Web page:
Symphony Study No 57 | Mendelssohn: Symphony No. 3 “Scotch”

by Glenn on January 7, 2017

Felix Mendelssohn-Bartholdy (1809–1847)
Symphony No. 3 in a minor, Op. 56, Scotch

Andante con moto and Allegro un poco agitato—Vivace non troppo—Adagio—Allegro vivacissimo and Allegro maestoso assai

first performance: 3 March 1842 | Leipzig Gewandhaus
Dedicated to “H.M. Queen Victoria of Great Britain and Ireland.”

I listened to a concert performance by the Berlin Philharmonic in their Digital Concert Hall from 22 November 2014, conducted by Alan Gilbert.

Alan Gilbert Conducts the Berlin Philharmonic in Mendelssohn’s Symphony No. 3, “Scotch.” Photo credit: Screen capture from the Berlin Philharmonic’s Digital Concert Hall.

While this symphony is numbered as Mendelssohn’s Third, it was actually composed last (No. 5 in order of composition).

Whenever I listen to a work by Mendelssohn that is unfamiliar to me, my ear gets confused. It’s as though I’m hearing Mozart composing in the wrong epoch; or Beethoven composing posthumously. Mendelssohn has the clean lines and counterpoint of the classical era with the emotion (but not to excess) of the romantic era.

Though Mendelssohn “always referred to” this symphony as “his ‘Scotch Symphony,’” that title is not used in the score.

In 1829 Mendelssohn visited Scotland where “he wrote down sixteen bars of music, the opening, still in preliminary form, of this score.” It wasn’t until 1841 that he returned to this music and developed this symphony.

Unusual, this symphony comes with a note from Mendelssohn asking that there not be breaks between the movements. The Berlin Philharmonic observed this practice.

The first and third movements are rather mellow. Michael Steinberg says, “The Scotch is very much of a pianissimo symphony.” While the opening movement has a number of moods and tempos, the third movement is focused around one tune.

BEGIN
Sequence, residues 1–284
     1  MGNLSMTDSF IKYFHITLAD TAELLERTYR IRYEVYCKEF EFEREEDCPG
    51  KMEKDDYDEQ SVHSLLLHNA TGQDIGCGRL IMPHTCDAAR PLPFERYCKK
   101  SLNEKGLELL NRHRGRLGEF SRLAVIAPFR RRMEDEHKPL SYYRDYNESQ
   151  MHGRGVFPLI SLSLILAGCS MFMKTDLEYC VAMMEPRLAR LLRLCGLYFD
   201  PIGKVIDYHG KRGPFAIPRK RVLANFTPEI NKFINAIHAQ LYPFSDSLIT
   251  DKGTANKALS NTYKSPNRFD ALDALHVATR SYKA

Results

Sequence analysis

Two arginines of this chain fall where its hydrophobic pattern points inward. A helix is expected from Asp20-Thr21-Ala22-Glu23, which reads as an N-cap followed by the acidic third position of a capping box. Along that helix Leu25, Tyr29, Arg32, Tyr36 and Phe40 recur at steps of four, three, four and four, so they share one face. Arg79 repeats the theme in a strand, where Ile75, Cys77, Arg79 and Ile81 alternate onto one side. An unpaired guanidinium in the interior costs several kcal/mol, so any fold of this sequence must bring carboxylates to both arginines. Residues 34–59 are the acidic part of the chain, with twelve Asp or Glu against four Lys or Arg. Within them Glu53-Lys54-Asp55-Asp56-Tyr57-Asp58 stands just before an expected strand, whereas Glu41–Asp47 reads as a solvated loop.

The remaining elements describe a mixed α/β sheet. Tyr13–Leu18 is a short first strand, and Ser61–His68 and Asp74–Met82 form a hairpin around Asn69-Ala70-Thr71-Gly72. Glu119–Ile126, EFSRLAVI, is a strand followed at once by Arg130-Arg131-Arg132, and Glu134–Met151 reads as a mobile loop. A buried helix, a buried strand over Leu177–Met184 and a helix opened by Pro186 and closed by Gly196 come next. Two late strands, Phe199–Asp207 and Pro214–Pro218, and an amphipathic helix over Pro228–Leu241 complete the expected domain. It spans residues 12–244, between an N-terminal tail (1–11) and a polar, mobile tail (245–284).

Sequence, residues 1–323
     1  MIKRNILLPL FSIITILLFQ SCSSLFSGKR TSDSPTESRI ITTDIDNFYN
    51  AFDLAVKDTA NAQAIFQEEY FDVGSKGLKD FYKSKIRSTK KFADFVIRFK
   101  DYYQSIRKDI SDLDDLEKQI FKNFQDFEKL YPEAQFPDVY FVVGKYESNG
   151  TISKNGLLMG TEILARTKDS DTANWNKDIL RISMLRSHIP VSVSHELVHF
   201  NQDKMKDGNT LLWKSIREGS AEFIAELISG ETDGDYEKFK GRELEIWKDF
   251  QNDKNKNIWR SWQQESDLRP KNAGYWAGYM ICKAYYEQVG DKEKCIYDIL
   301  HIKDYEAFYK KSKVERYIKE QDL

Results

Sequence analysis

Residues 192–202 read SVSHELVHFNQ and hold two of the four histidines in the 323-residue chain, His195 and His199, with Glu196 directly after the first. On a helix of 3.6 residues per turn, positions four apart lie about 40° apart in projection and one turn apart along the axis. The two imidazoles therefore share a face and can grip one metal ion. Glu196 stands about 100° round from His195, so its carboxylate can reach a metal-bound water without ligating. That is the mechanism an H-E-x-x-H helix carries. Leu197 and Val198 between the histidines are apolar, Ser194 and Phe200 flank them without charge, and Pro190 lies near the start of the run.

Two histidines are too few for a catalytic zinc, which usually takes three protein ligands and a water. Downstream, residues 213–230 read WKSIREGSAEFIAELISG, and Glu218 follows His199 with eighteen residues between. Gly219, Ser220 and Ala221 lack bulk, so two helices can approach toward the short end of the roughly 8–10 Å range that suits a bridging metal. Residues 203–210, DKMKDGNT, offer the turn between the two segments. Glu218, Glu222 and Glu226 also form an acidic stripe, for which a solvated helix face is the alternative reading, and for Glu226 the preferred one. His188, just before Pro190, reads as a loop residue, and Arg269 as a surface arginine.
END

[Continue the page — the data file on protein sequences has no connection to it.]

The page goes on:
The second movement is the most charming. It begins with a great tune for clarinet, which is picked up by the flutes and oboes. The woodwinds shine at first and then the strings get their moment. This is very fine chamber music. And because it’s the Berlin Philharmonic, it’s played flawlessly. This movement has some flavor of the Scots.

There’s a great moment in the final movement. Things have been going along boisterously. Then the strings just stop on a held chord and the clarinet takes a solo. It’s a lovely moment.

Principal Clarinetist Wenzel Fuchs of the Berlin Philharmonic plays a solo in the fourth movement of Mendelssohn’s Symphony No. 3, “Scotch.” Photo credit: Screen capture from the Berlin Philharmonic’s Digital Concert Hall.

The conclusion of the symphony is superb:  a great and joyful tune played by the whole orchestra which carries us to the end.

Alan Gilbert conducts the conclusion of Mendelssohn’s Symphony No. 3, “Scotch,” with the Berlin Philharmonic. Photo credit: Screen capture from the Berlin Philharmonic’s Digital Concert Hall.

It’s hard to know what effect composers intend for their listeners. One assumes they want their music to be heard, with possible exceptions, for example Charles Ives with his Fourth Symphony, where it wasn’t performed in his lifetime. But assuming Mendelssohn would be delighted to know that people are listening to his music, what outcome would he hope for?

With Mendelssohn, the dominant effect for me is light power. He is a bantam weight fighter.

One comment

[…] approach to music-making. I find myself partial to hummable tunes. Coming on the heels of my listening to Mendelssohn’s Scotch Symphony (No. 3), this symphony seems more about ideas of music than actual music. Without knowing what effect […]

by Symphony Study No. 58 | Hartmann Symphony No. 8 « glennaustin.com on 11 January 2017 at 12:30 pm. Reply #

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